The Caregiver's Beacon Newsletter
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Many of us make New Year’s Resolutions at the beginning of January that we desperately try to stick to. Once we backslide a little (maybe overindulging in some chocolate or skipping out planned exercise), we tend to get disheartened and give up altogether… at least until next New Years.
The key to having successful Resolutions is to bite off relatively small bits. Don’t promise yourself that you are going to quit smoking, lose 30 pounds, repaint the house, and save money for a luxury vacation by February. Trying all of those things (especially if you haven’t done anything like that before) is a recipe for disaster and disenchantment.
Get Real: Are you really NEVER going to eat butter again? Set goals that are achievable and realistic. Many times people think they can accomplish things virtually over night. Sometimes a six or nine month time frame is more realistic. Given enough time, anything is achievable. Action Item: Write down your goals on heavy stock index cards and keep them visible at all times (carry them with you).
Slow and Steady Wins the Race: Take things one step at a time. If you have never seriously dieted before, think about what is realistically achievable. Maybe the diet and exercise changes required should be started and then worked up to. For example, you might decide to lose ten pounds before Spring with a second goal to lose ten more pounds by Summer. Action Item: Break down goals into manageable segments.
Count on It: Select goals that have a measurable quality to them. Don’t say “I’m going to get in shape.” “Getting in shape” means losing a certain amount of weight and/or being able to do certain exercises within a certain amount of time. Attach solid numbers to your goals and strive to meet or exceed them. Action Item: Find a friend who can help you attach real values to your goals (maybe someone who has done it before).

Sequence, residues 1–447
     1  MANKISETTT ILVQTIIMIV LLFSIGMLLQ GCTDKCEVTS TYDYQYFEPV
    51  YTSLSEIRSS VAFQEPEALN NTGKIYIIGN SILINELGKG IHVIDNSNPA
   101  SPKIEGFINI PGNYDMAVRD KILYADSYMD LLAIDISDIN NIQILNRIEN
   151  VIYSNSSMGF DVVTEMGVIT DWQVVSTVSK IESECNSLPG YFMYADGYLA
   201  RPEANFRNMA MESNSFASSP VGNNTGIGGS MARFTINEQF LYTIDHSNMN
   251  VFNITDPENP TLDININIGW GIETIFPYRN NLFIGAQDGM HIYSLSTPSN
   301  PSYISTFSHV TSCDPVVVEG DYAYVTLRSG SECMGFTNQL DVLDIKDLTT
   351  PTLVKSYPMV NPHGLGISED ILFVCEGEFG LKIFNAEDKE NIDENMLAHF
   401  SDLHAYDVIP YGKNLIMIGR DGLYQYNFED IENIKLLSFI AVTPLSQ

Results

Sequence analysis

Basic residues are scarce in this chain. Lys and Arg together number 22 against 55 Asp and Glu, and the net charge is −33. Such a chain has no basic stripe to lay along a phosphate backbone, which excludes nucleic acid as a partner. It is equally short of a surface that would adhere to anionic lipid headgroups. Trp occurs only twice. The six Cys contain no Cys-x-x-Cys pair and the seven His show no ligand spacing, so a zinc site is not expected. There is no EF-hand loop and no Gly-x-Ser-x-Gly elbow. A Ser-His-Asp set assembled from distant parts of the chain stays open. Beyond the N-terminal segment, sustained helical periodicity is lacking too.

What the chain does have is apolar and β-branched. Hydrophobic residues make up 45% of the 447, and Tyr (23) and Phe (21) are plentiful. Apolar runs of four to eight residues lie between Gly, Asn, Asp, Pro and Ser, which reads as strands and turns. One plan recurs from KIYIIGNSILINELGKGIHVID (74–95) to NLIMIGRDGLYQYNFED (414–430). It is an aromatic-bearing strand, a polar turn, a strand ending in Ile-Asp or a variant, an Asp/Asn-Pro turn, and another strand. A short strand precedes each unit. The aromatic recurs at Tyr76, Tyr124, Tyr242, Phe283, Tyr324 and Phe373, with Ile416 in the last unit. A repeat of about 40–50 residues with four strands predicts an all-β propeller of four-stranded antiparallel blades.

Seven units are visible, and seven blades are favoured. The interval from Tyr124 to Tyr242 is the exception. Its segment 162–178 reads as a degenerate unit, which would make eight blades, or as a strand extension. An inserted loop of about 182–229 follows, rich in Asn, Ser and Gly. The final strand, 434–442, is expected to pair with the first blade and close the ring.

Keep Your Eye on the Ball: Track your progress (or lack of it). If you need to, go back and reassess your goals. Maybe you need to raise the bar, or even lower it. The key is to challenge yourself within limits. If you need to lower your goals, don’t be disappointed. Perhaps six or nine months down the line you will be moving forward more than expected. Action Item: Mark your calendar at regular interviews to give yourself a “performance review.”
INSIDE THIS ISSUE
Feature Article: “Exercising Care 40+” by Constance M. Serafin
FEATURE ARTICLE: “Exercising Care 40+” by Constance M. Serafin
Being a caregiver means taking care of someone else’s needs. But who cares for you when your muscles are sore and aching from helping mom in and out of the bath? Who cares for you when you’re exhausted from walking up and down, back and forth carrying heavy loads, doing laundry and trying to get through the day on your aching knees?
Sometimes you need to say, ”Stop! Time out for me. I can’t do all I have to do without taking time out for myself.” Taking time out to exercise can make you a better caregiver. It can increase your strength and flexibility, your energy level, and your sense of well being. Taking care of you helps fight off the fatigue, isolation and frustration that can often follow stressful days of caregiving.
You’ve probably heard of the physical benefits of exercise – reduced rates of heart disease and diabetes, improvement in blood pressure levels and protections against osteoporosis, to mention a few. But what about improving balance and strength to make walking and climbing easier and to help prevent falls? What about finding an outlet for your frustration and anxiety? What about feeling better about yourself and how you look? These are less known benefits of weight training and aerobic exercise programs.
Read the complete article at… http://www.ec-online.net/Knowledge/Articles/exercise40.html
FEATURED AUTHOR: Mark Edinberg, Ph.D.
Mark Edinberg, Ph.D. has written numerous articles for ElderCare Online. Mark is an expert in Intergenerational Mediation – working with families on matters ranging from health to asset transfers. He has been working in the field of Gerontology for over 30 years.
He has been a professor at the University of Nevada, Reno and the University of Bridgeport, for the last decade, and is in private practice primarily working with older adults and their families. Currently he maintains a private practice in Fairfield, CT, consults with nursing homes, organizations and families on a range of topics. He teaches part-time at Fairfield University. Mark is the author of three books, including "Talking with Your Aging Parents."
His articles for ElderCare Online include:
- The Do's and Don'ts of Communicating With Elderly Parents
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